THE HAUNTING OF BLAINE MANOR
By Joe O’Byrne
Buxton Opera House
Why do we like being scared? It’s because we get joy and a thrill out of being afraid, according to Joe O’Byrne, a fan of ghost stories and Hammer Horror who is the writer and director of The Haunting of Blaine Manor.
He grew up watching the likes of Vincent Price, Peter Cushing and Christopher Lee. He wanted to come up with a period piece that would fit the world of M R James or Edgar Allen Poe – masters of mystery and the macabre.
The result was The Haunting of Blaine Manor which premièred in 2016 and played fringe venues before progressing to mainstream theatres.
There’s no doubt that ghost stories are popular as they’ve always been, as evidenced by the large audience made up of all ages at Buxton Opera House.
Set in 1953, the play involves American paranormal events investigator Doctor Roy Earle being invited to a séance in what’s supposed to be the most haunted building in England. On his way to Blaine Manor he swerves to avoid a horse and escapes with his life after his car ends up in a lake.To his surprise he’s informed that the local stables have been empty for 100 years and folklore states that anyone who sees a horseman will be dead by dawn.
His arrival at the manor awakens something horrific. Earle proclaims there are no such things as ghosts – but will he be proved wrong?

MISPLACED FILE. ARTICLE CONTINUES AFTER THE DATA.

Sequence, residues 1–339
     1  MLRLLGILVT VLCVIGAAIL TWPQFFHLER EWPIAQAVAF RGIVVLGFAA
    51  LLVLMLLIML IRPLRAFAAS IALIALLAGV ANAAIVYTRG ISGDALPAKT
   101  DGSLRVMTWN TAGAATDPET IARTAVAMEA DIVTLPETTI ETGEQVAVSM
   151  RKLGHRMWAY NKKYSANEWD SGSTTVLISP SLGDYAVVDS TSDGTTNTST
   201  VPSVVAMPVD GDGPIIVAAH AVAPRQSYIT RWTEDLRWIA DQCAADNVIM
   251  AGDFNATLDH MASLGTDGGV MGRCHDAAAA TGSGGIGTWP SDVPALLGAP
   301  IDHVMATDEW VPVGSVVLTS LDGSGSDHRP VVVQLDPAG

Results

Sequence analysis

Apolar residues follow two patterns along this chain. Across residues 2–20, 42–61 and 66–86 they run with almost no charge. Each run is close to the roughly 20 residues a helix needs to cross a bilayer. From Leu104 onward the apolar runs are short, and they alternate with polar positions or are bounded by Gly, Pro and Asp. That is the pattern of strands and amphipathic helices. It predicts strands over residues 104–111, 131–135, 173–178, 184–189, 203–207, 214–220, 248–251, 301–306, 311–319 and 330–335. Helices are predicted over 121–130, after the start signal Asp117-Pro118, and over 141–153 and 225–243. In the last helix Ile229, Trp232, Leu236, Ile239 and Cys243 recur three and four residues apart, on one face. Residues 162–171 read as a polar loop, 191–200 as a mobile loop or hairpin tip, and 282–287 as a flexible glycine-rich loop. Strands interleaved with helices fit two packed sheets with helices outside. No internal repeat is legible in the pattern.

The Haunting of Blaine Manor takes time to warm up as the characters are introduced and the building’s history is unveiled.
It comes to life after half an hour with the introduction of Adolphus Scarabus, the world-renowned psychic and parapsychologist. Jimmy Allen, with wayward hair giving him the look of a mad professor, is a spirited foil for Earle, diligently portrayed by Peter Slater who shines as the strong-willed, flirtatious sceptic with a secret he doesn’t want revealed.
The tension begins to increase as a presence in the house becomes stronger and Earle is determined to stay the night even though the custodian of the manor, Vincent de Lambré – a solid performance by Ed Barry – advises all the guests at the cancelled séance to go to an inn.
All the characters are pitched cleverly so that they have different characteristics. Jo Haydock is unscrupulous reporter Vivian Rutledge who uses her wiles to try to uncover a scoop about the manor while Andrew Yates, with dark, sunken eyes, is the cunning, camp clairvoyant Cairo.
O’Byrne makes an appearance as Grady, the loyal butler with 37 years’ service at Blaine Manor. The mystery is ramped up when it’s revealed Earle isn’t all he appears to be.
So does The Haunting of Blaine Manor have a place among theatre’s scariest pieces? As the director, O’Byrne resists the temptation to batter the audience with endless flashing lights and deafening sound effects. What he does use is very effective. But there’s little doubt the play could do with more tension in some places.
On the other hand, it’s well worth sticking with The Haunting of Blaine Manor which has an unexpected ending. It probably won’t give you nightmares – but it should leave you in good spirits.
* This review originally appeared on the British Theatre Guide website